expands on it to become
Preserve forms the stunning
backdrop to Werner Herzog’s
awareness of the problems
facing the animals, and these
a philosophical tract on
extraordinary documentary recordings are showcased as
Herzog muses on Treadwell’s
identity, film-making,
Grizzly Man (2005). Focus-
ing on the life and early death ultimately fatal obsession and spiritual nourishment,
the wider questions his pio-
of bear enthusiast Timothy
Treadwell, Herzog’s film takes neering attitude provoked. and the clash between
its left-of-centre subject matter
and expands on it to become a
Treadwell, a troubled, ideal-
istic and naïve soul split public civilisation and nature.
philosophical tract on identity, opinion, with many warming
film-making, spiritual nourish- to his childlike enthusiasm
ment, and the clash between and rejection of much of con-
civilisation and nature. temporary society’s trappings;
Treadwell, a self-appointed while others dismissed him as
‘kind warrior’ and ‘spirit in being foolhardy, disrespect-
the wilderness,’ spent thir- ful and guilty of an invasion
teen summers studying and of territory. Herzog, rather
living with the grizzlies of the than sitting in judgement, is
Katmai Park before he and his transfixed by Treadwell’s call-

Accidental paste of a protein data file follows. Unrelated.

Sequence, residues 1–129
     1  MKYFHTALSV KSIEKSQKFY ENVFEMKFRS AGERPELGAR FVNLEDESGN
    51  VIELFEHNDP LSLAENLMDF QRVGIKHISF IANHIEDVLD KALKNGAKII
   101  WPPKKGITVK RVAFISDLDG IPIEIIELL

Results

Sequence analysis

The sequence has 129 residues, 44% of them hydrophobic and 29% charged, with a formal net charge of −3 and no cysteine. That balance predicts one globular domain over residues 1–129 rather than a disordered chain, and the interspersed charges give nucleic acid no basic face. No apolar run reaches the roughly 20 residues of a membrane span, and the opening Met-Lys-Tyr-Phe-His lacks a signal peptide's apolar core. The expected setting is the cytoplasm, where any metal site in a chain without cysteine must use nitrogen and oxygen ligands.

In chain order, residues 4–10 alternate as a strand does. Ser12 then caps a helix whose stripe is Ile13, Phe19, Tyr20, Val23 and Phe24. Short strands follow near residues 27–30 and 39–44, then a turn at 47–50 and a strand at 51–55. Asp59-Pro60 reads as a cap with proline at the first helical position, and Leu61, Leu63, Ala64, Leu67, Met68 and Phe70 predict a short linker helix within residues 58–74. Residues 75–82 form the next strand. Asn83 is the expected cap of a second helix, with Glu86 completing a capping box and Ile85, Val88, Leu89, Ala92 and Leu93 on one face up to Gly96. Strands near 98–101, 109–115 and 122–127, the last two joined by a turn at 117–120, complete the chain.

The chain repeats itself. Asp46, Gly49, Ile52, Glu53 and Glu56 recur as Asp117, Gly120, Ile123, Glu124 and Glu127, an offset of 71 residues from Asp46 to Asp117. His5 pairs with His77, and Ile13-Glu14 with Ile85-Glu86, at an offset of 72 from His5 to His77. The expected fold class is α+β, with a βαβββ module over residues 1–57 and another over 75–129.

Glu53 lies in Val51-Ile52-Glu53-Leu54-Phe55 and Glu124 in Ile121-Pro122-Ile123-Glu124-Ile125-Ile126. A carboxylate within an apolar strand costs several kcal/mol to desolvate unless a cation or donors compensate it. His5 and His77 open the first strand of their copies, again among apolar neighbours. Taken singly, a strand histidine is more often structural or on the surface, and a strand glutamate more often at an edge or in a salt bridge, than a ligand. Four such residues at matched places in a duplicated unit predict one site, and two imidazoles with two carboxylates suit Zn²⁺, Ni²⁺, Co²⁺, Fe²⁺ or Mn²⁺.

girlfriend, Amie Huguenard, ing, of his need to return to a
met their untimely deaths dur- simpler but harsher world. The
ing a frenzied attack by one of unstaged, unexpected moments
the bears. Treadwell kept a vast captured by Treadwell’s video
video diary of his years raising camera represent ‘the inex-
plicable magic of cinema’ for
Herzog, and highlight both the
beauty and savagery of the wild
that the grizzlies so memorably
symbolise. [tbp]

left Timothy Treadwell and Amie Huguenard / above Timothy Treadwell among grizzlies

gofurther [web ] Arrange to view Alaskan grizzly bears by visiting

4 May/June 2011 5

Lost in
Y c i n e m a ' s t h e m at i c s t r a n d s

Film characters moving from one place to another
often become stranded in the non-place between.
Jez C on olly and N i c ol a B a lk i n d follow six
examples, and try not to get lost along the way.

Brief Encounter
Dir. David Lean

The tearoom at Milford Junction

railway station provides the
transitory environment for middle-
class housewife Laura Jesson (Celia
Johnson) and married doctor
Alec Harvey (Trevor Howard)
to conduct their fleeting and
ultimately doomed romance. Based
on Noel Coward’s 1936 short play,
Still Life, we see Laura and Alec’s
liaison compressed from April
through to the following March
(as in the theatrical version) to six
successive Thursdays in the film.
Each time, the tearoom is